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Improved methods for reducing translocation mortality and obtaining reliable population projections for reintroduction of the New Zealand Rifleman Acanthisitta chloris

Published online by Cambridge University Press:  15 April 2019

SARAH WITHERS
Affiliation:
School of Biological Sciences, The University of Auckland, Private Bag 92019, Auckland Mail Centre, Auckland 1142, New Zealand.
DOUG ARMSTRONG
Affiliation:
Wildlife Ecology Group, Massey University, Palmerston North, New Zealand.
TAMSIN WARD-SMITH
Affiliation:
Ecologist, 2 Gow Avenue, Haumoana, Napier 4102, New Zealand.
STUART PARSONS
Affiliation:
School of Biological Sciences, The University of Auckland, Private Bag 92019, Auckland Mail Centre, Auckland 1142, New Zealand.
MARK E. HAUBER
Affiliation:
School of Biological Sciences, The University of Auckland, Private Bag 92019, Auckland Mail Centre, Auckland 1142, New Zealand.
Corresponding
E-mail address:

Summary

Despite many notable successes, the failure rate of animal translocations remains high. Conservation practitioners and reintroduction specialists have emphasised the need for ongoing documentation of translocation attempts, whether successful or not, including detailed methodologies and monitoring approaches. This study reports on the first translocation of the North Island subspecies of New Zealand’s smallest bird, the endemic Rifleman Acanthisitta chloris granti. We describe an improved transfer methodology following recommendations arising from a previous translocation of South Island Rifleman Acanthisitta chloris chloris. Key modifications included a reduced capture window, shorter holding times, lack of extended aviary housing, and separation of territorial individuals during holding. Survival from capture to release increased from 52% to 97% using this new methodology. However, only 22% of 83 released birds were found in the reserve the next breeding season, resulting in an initial breeding population of only six males and five females. An integrated Bayesian analysis of three years of subsequent population data, including a population boost from a second translocation, projected a median decrease to 0–5 females over 10 years, but with 95% prediction intervals ranging from 0 to 33. These projections explicitly account for parameter uncertainty, as well as demographic stochasticity, and illustrate the need to do so when making inferences for small reintroduced populations.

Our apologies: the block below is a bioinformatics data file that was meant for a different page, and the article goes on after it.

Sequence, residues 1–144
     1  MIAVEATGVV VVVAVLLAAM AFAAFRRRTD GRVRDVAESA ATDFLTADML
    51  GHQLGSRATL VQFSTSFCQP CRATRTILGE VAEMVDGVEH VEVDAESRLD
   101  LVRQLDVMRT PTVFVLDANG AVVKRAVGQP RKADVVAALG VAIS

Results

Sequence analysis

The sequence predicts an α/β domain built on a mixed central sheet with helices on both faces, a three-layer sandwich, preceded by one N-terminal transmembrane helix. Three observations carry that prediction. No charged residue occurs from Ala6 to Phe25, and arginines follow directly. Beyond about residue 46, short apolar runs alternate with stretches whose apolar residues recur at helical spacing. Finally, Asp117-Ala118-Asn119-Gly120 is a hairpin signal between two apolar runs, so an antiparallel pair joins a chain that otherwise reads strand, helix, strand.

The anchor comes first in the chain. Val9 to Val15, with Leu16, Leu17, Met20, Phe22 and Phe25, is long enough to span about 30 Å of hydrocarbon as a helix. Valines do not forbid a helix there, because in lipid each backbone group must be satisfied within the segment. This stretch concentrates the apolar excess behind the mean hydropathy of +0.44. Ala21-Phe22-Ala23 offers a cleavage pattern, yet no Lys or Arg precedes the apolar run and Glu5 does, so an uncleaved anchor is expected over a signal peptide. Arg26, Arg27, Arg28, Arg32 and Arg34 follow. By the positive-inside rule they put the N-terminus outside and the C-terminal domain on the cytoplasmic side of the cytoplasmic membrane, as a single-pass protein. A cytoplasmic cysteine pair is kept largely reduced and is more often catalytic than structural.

Type
Research Article
Copyright
Copyright © BirdLife International 2019 

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Footnotes

1

Present address: School of Earth, Environmental and Biological Sciences, Queensland University of Technology, GPO Box 2434, Brisbane, Queensland 4001, Australia.

2

Present address: Department of Animal Biology, School of Integrative Biology, University of Illinois, Urbana-Champaign, IL 61801, USA.

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Improved methods for reducing translocation mortality and obtaining reliable population projections for reintroduction of the New Zealand Rifleman Acanthisitta chloris
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